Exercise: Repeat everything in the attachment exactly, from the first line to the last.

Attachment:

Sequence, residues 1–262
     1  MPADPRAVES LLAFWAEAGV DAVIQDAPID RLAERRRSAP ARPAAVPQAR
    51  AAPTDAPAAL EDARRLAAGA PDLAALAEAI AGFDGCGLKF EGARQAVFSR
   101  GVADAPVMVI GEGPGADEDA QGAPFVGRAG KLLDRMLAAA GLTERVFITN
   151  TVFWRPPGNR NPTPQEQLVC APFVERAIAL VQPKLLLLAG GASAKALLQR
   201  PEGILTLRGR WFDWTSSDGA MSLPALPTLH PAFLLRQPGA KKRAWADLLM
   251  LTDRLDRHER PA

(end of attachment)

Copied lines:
Sequence, residues 1–262
     1  MPADPRAVES LLAFWAEAGV DAVIQDAPID RLAERRRSAP ARPAAVPQAR
    51  AAPTDAPAAL EDARRLAAGA PDLAALAEAI AGFDGCGLKF EGARQAVFSR
   101  GVADAPVMVI GEGPGADEDA QGAPFVGRAG KLLDRMLAAA GLTERVFITN
   151  TVFWRPPGNR NPTPQEQLVC APFVERAIAL VQPKLLLLAG GASAKALLQR
   201  PEGILTLRGR WFDWTSSDGA MSLPALPTLH PAFLLRQPGA KKRAWADLLM
   251  LTDRLDRHER PA